Israel’s Deputy Foreign Minister, Tzipi Hotovely has told European foreign ministers, their deputies and several European ambassadors that their governments, including the UK’s, provide financial assistance to non-governmental organisations (NGOs) that “actively blacken Israel’s name around the world.”
The European Jewish Press reports Hotovely (below right) has already met with the Dutch foreign minister, the Spanish deputy foreign minister and the ambassadors of Sweden, the European Union, the UK, Denmark and Switzerland to warn them against their funding of anti-Israel activism. Detailed documentary evidence collated by the Israeli Foreign Ministry and NGO Monitor was presented to prove the “problematic” funding.
Hotovely told them that Jerusalem draws a red line when it comes to funding for groups that delegitimise the state of Israel, lobby for Israel’s return to pre-67 borders or slander Israel Defense Forces soldiers.
She said that the NGOs do not just support boycotts against Israel, but also:
- accuse it of ethnic cleansing, apartheid, and war crimes;
- deprive the Jewish people of their right to self-determination;
- call to prosecute Israel in the International Criminal Court at The Hague; and
- support the Palestinian right of return.
With further top-level meetings to come, the Deputy Foreign Minister is both directly urging UK and European officials to increase oversight of their funding projects, and asking her Israeli ambassadors in Europe to demand that governments increase their own overview of funds given to such groups. This, she says, should ensure their taxpayers’ money funds genuine human rights’ groups rather than merely anti-Israel organisations. Some of the named NGOs, she alleged, are associated with and, in some cases, actively support terror groups working towards Israel’s destruction.
According to the evidence provided by Hotovely, the following are some of the recent European investments in organisations she alleges are more about attacking Israel than promoting genuine human rights:
- The UK provided £2 million in 2008-2011 to Breaking the Silence, Yesh Din – Volunteers For Human Rights, Gisha, Bimkom, Terrestrial Jerusalem, and No Legal Frontiers;
- The Human Rights and International Humanitarian Law Secretariat managed by the Institute of Law at Birzeit University in the West Bank, received £6.7 million from the governments of Denmark, Sweden, Switzerland, and the Netherlands, funds were to go to 24 political organisations over three years;
- The Coalition of Women for Peace – in 2014, the governments of Germany, Sweden, Norway, and the EU provided £70,000 to the Coalition of Women for Peace, an organisation that supports aspects of the Boycott, Divestment, and Sanctions movement;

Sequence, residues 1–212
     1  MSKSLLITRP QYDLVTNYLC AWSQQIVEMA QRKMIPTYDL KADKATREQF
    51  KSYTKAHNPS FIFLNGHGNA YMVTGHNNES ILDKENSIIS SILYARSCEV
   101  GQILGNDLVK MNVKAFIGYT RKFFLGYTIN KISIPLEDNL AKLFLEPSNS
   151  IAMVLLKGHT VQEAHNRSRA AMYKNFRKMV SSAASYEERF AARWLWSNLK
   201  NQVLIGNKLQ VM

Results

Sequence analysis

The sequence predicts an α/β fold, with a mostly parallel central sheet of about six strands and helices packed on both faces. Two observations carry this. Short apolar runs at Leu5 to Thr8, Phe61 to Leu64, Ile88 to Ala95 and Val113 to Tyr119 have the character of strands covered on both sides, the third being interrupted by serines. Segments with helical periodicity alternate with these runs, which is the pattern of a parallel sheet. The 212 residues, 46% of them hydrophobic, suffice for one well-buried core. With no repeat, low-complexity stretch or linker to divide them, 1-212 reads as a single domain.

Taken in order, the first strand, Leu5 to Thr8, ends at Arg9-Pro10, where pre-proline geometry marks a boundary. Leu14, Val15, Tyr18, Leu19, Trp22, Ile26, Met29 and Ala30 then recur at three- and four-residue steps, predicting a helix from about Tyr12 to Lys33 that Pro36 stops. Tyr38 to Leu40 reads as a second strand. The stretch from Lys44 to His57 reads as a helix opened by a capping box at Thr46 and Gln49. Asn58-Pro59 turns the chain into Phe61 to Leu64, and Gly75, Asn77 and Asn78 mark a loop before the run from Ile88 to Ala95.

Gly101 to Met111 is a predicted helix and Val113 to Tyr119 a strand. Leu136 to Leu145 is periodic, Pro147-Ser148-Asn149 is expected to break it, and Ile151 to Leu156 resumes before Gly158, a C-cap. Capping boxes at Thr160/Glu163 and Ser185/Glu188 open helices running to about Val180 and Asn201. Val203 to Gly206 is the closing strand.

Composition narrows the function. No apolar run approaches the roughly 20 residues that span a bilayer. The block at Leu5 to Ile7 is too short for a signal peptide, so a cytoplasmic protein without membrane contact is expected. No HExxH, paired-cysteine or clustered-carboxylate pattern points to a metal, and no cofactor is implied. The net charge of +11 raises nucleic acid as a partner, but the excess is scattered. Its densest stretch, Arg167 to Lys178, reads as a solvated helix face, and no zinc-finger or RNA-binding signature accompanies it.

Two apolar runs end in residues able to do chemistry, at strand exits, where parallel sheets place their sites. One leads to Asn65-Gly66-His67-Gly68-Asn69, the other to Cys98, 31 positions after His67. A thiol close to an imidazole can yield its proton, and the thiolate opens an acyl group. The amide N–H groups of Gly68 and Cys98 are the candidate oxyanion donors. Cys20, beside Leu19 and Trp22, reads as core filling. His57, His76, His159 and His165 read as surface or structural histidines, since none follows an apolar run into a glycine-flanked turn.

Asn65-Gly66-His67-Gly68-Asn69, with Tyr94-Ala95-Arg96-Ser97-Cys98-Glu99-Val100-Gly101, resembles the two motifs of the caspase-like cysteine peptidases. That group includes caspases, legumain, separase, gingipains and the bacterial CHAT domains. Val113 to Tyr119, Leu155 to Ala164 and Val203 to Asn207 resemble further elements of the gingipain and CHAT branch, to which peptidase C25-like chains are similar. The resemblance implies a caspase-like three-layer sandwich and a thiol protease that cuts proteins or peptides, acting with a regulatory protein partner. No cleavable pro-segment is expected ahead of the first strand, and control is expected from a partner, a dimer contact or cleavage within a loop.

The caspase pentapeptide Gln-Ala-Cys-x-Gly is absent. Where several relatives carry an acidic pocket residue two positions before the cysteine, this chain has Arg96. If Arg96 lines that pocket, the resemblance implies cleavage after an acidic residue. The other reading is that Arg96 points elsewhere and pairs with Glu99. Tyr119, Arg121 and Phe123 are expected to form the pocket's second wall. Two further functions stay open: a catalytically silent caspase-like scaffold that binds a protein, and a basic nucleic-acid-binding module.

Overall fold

- in the last three years the Netherlands provided £2.2 million to numerous NGOs, including Who Profits, Al-Haq, The Coalition of Women for Peace, and the Al-Mezan Center For Human Rights;
- Denmark donated £3.9 million in the last three years to a number of NGOs, including Breaking the Silence, BADIL – Resource Center For Palestinian Residency And Refugee Rights, the Palestinian Center for Human Rights and other Palestinian organisations;
- Switzerland provided £835,000 over the last three years to the like of the Alternative Information Center, Zochrot, the Applied Research Institute Jerusalem, and Terrestrial Jerusalem; and
- Spain gave £637,000 in the last three years to groups including Breaking the Silence, The Coalition of Women for Peace, the Alternative Information Center, and NOVA – Center For Social Initiative, a Spanish Boycott, Divestment, and Sanctions organisation.
If the UK and other European countries fail to manage adequate oversight, the minister said Israel may consider introducing its own legislation directly to criminalise the funding of anti-Israel groups. The Times of Israel reports such legislation could be similar to the United States’s Foreign Agents Registration Act, which requires those acting on behalf of other governments and groups to declare themselves as such.
The American law was passed in 1938 to enable the US government to block undue foreign influence in domestic issues. A similar measure proposed by Hotovely earlier this year would have forced any NGO in receipt of foreign funding to apply for Knesset approval for a tax exemption. That bill was pilloried by those who said it would be used to crack down on funding for left-leaning NGOs.